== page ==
Have I ever written a recipe from my region (in Italy)? Well, it is never too late to start! The food from my region is not striking, nothing very fancy nor very prelibate, but it is with no doubt very good. I have yet to find a region of Italy that doesn’t have good traditional food, so, the Veneto region is no exception. When I think of traditional food from my region risi e bisi comes to mind (risotto with sweet peas), baccalà mantecato (a spread of salted cod), polenta coi osei (polenta with “little birds”)… more of a home cooking style, it doesn’t make me think of particular delicacies.
Last night I decided to spice up the usual risotto with dried porcini mushrooms by making the traditional recipe Risotto ai funghi e salsiccia, risotto with mushrooms and sausage. It turned out very tasty, and not much more trouble to make than the original mushroom risotto. I will certainly make it again.
Did you see the word risotto and got scared? Don’t be! To make a good risotto there are only few steps to follow, and no, you don’t need to stir it continuously! It is very important to use rice for risotto, the thick grains will take a longer time to cook and will release a lot of starch while cooking. Do not rinse the rise when making risotto!!
Steps for a good risotto:
- Toast the rice: usually you start by sautéing some onion, I prefer to use butter rather than olive oil for this step. Then you add the rice and toast it, stirring, for a couple of minutes. This way the first flavor that the rice will absorb will be strong.
- Cook the rice: keep a saucepan of boiling water (or better broth) on hand and always add boiling water to the risotto. Never use cold water! Add two ladlefuls of water to start cooking and then add a ladleful when needed. Every once in a while stir energetically, this releases the starch from the rice giving to your risotto the proper creamy texture and also helps you check if it’s time to add water/broth.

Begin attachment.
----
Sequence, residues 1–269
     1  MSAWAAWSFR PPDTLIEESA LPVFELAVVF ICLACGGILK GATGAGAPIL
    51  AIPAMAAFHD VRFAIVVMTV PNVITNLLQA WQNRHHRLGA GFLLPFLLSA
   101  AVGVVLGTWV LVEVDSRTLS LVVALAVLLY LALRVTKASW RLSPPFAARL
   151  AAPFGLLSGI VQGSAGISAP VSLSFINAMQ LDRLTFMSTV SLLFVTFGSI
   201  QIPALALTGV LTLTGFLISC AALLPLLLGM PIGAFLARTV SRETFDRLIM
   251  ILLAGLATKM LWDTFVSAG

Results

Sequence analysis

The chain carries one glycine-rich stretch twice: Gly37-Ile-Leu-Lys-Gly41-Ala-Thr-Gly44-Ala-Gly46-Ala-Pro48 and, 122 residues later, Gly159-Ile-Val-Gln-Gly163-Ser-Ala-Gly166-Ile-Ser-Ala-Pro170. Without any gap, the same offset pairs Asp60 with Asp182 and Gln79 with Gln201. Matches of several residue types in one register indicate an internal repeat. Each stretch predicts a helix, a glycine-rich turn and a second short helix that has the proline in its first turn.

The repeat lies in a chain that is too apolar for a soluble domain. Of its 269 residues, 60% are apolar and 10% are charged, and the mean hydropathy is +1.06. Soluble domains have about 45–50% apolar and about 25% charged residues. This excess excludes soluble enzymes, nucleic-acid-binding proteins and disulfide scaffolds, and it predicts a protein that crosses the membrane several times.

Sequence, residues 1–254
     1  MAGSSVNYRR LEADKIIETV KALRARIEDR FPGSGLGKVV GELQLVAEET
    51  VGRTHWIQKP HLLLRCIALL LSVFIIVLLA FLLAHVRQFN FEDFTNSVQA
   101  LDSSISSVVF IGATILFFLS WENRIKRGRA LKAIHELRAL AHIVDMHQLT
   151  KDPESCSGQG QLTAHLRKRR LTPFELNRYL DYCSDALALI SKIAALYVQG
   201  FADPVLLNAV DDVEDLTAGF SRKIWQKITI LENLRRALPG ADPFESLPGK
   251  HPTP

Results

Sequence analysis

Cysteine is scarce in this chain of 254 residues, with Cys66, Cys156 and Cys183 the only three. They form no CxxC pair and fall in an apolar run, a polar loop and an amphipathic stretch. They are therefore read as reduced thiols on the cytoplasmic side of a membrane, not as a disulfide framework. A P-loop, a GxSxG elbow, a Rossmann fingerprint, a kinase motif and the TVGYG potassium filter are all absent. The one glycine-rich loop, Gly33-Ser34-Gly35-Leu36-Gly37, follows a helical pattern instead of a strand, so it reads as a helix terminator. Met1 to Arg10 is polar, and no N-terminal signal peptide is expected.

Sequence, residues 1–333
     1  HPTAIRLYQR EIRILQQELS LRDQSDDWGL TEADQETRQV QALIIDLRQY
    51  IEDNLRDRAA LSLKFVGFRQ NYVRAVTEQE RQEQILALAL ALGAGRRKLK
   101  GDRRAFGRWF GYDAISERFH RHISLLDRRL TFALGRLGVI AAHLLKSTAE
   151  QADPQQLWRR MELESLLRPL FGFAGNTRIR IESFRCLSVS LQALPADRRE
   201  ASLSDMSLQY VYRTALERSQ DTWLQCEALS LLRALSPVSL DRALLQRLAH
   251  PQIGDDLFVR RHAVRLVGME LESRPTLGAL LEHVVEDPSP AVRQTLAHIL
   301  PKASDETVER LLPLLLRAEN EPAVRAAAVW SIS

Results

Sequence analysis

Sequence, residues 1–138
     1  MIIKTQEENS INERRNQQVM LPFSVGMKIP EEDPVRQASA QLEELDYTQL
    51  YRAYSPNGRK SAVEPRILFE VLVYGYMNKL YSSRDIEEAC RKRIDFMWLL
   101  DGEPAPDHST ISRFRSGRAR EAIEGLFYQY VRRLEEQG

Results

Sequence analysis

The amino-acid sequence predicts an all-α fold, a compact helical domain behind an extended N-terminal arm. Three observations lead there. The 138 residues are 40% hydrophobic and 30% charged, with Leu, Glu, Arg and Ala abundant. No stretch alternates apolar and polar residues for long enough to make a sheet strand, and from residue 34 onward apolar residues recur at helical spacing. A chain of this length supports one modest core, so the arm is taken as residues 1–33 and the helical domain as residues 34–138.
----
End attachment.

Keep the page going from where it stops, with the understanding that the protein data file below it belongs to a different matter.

- Mantecature: when the rice is done (use the cooking time on the box for reference but also try the rice) remove the pot from the heat, add butter and parmesan, stir well. This step is called mantecatura.
And now on to mushroom and sausage risotto, a recipe from the Veneto region of Italy. The following quantities make 2 portions.
- 15 gr dried porcini
- about 1 liter water or broth
- 1 tbs olive oil
- 1 sausage
- 160 gr risotto rice
- 1/2 glass white wine
- vegetable bouillon when using water instead of broth
- 1 tbs chopped parsley
- 1 tbs butter
- 4 tbs grated parmesan cheese
Soak the dried mushrooms in warm water for 1 hours (or according to directions on the package).
Bring to a boil a saucepan of water or broth.
Pour the olive oil in a pot and add the sausage, in small pieces, external skin removed. Cook the sausage and when browned remove from the pot and set aside. Leave on the pot the fat and olive oil, you will use it to toast the rice.
Pour the rice and toast it for a couple of minutes (Picture 1).
Add the wine and simmer until evaporated.
Add 2 ladlefuls of water/broth, the bouillon if using water (Picture 2). Cook, occasionally stirring vigorously. Start the cooking time when you add the water/broth.
Add one ladleful of water/broth when needed (Picture 3, time to add more water and stir well).
Halfway in the cooking process add the sausage and the mushrooms drained.
Careful not to add too much liquid toward the end of the cooking process or you will need to overcook the rice in order to let it evaporate.
A couple of minutes before the end add the chopped parsley.
When the rice is tender (and the final water has evaporated, Picture 4) remove the pot from the heat, add butter and parmesan, stir to combine.